adidas Golden Ball
FIFA Fair Play award
adidas Golden Boot
adidas Bronze Shoe
adidas Bronze Ball
Some 16 years after Maradona's supremely gifted generation lifted this trophy in 1979, another vintage crop of young Argentines came along. The '95 side may have been less talented individually than their elders, but José Pekerman's squad were a well-oiled winning machine nonetheless: solid in defence, efficient in the middle of the park and tactically mature. The Albiceleste also boasted players with leadership qualities throughout their team : goalkeeper Joaquin Irigoytia, central defender and captain Juan Sorin, midfield ace Ariel Ibagaza and striker Walter Coyette. Some fine coaching by Pekerman also made a difference when it mattered: in both the semi-final and the Final (2-0 against the old enemy Brazil), his substitutes scored all-important goals.
Surprises: There were no big surprises in this FIFA World Youth Championship in Qatar, the footballing hierarchy being respected for the most part. Four Latin sides reached the semi-finals; Argentina, Brazil, Spain and Portugal, each playing highly exciting football. Individually, it was the Brazilians who won most plaudits - not for the first time.
Two footballing "minnows" reached the quarter-finals by playing some superb football. The Young Socceroos from Australia emerged from a tough-looking group that included Germany and Costa Rica, finishing second behind Cameroon, and in the quarters they took Portugal to extra-time only to lose to a golden goal. Mark Viduka really came of age in this tournament (4 goals in 4 matches), and Josip Skoko showed off his not inconsiderable talents.
The other surprise came from Japan, who also escaped from a strong group (Spain, Burundi, Chile), before losing out to Brazil in the quarter-finals (2-1). Koji Tanaka's charges impressed with their finesse but they also turned heads with their new-found determination to hold their own physically. This tournament also marked the arrival on the world stage of the supremely talented Hidetoshi Nakata.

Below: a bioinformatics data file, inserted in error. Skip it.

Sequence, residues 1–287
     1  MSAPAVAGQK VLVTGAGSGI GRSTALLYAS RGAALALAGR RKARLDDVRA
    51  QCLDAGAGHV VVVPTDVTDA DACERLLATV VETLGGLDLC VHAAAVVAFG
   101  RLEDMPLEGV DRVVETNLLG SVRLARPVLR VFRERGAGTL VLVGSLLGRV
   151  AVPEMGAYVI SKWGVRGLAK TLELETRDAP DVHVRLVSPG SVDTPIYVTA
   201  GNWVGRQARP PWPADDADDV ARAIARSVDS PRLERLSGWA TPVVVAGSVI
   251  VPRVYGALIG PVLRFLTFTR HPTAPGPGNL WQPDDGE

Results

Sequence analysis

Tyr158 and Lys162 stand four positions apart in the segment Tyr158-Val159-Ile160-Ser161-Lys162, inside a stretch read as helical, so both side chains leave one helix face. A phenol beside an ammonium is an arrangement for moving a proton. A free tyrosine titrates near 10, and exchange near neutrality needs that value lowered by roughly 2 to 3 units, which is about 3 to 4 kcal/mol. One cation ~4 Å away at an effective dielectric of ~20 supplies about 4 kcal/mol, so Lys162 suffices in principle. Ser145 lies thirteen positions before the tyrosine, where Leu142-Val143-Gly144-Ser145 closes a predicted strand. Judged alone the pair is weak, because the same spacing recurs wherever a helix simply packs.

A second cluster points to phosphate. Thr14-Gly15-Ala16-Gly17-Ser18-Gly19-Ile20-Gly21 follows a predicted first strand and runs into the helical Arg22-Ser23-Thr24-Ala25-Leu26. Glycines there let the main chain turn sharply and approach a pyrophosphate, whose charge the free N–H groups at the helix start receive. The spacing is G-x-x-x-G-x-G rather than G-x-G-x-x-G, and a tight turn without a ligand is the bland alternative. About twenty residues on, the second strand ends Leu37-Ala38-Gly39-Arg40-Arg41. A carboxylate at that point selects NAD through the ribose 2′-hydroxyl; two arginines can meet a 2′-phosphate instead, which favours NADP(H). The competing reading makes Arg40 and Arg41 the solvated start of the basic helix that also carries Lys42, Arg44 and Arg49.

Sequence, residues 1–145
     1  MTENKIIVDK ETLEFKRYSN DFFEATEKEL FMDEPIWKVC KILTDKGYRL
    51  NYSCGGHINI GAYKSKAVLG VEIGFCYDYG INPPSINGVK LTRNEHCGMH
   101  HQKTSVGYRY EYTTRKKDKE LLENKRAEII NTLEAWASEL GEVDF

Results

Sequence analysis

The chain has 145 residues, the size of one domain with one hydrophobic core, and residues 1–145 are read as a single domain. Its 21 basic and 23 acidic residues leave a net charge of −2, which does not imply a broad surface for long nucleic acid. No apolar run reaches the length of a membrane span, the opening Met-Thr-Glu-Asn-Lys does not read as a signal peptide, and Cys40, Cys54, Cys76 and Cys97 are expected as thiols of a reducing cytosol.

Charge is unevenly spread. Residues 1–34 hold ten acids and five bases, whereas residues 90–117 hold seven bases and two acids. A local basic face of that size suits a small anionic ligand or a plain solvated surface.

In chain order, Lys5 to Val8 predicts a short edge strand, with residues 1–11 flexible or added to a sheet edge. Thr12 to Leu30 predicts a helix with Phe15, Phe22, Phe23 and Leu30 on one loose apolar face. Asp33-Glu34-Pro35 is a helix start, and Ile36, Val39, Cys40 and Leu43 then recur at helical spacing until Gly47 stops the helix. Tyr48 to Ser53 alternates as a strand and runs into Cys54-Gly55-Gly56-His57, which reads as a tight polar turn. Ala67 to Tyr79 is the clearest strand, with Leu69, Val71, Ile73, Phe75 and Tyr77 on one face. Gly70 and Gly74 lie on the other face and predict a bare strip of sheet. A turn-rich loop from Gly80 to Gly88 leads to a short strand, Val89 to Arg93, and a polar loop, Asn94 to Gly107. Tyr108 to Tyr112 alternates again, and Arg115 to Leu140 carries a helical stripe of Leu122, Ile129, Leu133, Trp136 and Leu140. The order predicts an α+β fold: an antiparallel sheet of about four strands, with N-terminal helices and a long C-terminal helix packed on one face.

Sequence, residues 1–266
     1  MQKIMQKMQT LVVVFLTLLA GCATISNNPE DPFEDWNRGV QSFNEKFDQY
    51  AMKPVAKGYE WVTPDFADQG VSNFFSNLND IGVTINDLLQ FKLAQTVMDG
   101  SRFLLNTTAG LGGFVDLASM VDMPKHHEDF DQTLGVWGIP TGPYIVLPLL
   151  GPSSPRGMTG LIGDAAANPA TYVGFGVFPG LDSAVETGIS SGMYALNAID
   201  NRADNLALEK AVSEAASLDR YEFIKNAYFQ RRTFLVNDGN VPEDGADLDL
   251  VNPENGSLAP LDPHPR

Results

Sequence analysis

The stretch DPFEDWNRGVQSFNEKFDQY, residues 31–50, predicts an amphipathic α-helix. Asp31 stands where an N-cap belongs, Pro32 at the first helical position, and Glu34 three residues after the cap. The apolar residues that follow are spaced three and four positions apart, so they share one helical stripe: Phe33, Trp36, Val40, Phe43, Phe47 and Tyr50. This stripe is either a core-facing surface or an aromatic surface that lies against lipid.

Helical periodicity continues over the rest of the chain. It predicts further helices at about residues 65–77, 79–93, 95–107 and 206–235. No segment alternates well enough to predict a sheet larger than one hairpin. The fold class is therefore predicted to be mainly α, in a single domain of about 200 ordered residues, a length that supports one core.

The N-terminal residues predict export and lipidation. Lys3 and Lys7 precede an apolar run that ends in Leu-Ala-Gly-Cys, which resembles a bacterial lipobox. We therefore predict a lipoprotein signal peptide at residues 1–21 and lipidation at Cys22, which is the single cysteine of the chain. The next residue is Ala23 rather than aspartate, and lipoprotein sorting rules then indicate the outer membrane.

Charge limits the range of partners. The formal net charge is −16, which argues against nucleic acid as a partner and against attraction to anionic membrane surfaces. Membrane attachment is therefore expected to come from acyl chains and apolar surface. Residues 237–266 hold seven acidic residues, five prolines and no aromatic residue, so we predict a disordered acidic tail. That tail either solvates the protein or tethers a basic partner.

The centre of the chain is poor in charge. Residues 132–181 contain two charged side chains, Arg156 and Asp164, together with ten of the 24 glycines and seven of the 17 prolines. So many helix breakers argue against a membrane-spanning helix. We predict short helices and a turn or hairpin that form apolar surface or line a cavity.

Player of the Tournament: Once again Brazil boasted the most technically gifted side of the tournament. Among the plethora of talent on display in the Seleçao ranks, most experts picked out Caio as the shining star. An elegant passer and goalscorer, Caio netted five times and made two vital assists on the way to the Final. Around the penalty area he was always one step ahead, and his sublime technique did the rest. Caio left Sao Paulo for Inter Milan after the tournament, then moved on to Napoli before returning home for spells with Santos, Flamengo and Fluminense, where he still plays today.
Rising Stars: Juan Sorin (ARG), Mark Viduka (AUS), Caio (BRA), Luizao (BRA), Zé Elias (BRA), Pierre Wome (CMR), Geremi Njitap Fotso (CMR), Hector Tapia (CHI), Paulo Wanchope (CRC), Ryuzo Morioka (JPN), Hidetoshi Nakata (JPN), Kitzito Musampa (NED), Dani (POR), Ivan De la Pena (ESP), Joseba (ESP), Raul Blanco (ESP), Miguel Salgado (ESP), Fernando Morientes (ESP), ...
Qatar 1995 stats:
Goals scored: 105 (av.: 3.28)
Best attack: Spain, 19 goals
Joseba (ESP), 7 goals
Dani (POR), 4 goals, 5 assists
Caio (BRA) 5 goals, 2 assists
Host cities: All games were played in Doha at the Khalifa Stadium, the Al-Ahli Club and the Qatar Club.
Spectators: 455,000 (Final: 65,000)
Average attendance: 14,219
Interesting stat: The Netherlands - Honduras game was brought to a halt by the referee: four members of the Central American side had been sent off, a fifth was seriously injured and all the substitutes had been used. Luis Paz Camargo's side only had seven players on the field, which is not allowed. So for the first time in an official FIFA tournament a match was stopped before the end.